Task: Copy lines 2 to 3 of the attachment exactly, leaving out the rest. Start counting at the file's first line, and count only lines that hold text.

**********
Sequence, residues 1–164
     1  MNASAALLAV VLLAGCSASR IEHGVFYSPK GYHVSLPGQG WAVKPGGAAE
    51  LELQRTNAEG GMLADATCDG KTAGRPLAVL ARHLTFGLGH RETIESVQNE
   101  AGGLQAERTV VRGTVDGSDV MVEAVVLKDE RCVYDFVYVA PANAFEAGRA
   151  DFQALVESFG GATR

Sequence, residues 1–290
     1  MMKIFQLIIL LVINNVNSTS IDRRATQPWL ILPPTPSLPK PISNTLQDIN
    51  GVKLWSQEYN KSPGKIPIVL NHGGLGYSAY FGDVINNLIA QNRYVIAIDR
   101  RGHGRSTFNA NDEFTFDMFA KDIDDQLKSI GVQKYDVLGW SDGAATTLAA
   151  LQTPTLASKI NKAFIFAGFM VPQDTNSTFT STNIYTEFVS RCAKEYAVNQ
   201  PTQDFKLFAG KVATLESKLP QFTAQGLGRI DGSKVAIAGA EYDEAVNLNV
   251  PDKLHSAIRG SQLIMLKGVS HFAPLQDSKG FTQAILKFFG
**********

     1  MNASAALLAV VLLAGCSASR IEHGVFYSPK GYHVSLPGQG WAVKPGGAAE
    51  LELQRTNAEG GMLADATCDG KTAGRPLAVL ARHLTFGLGH RETIESVQNE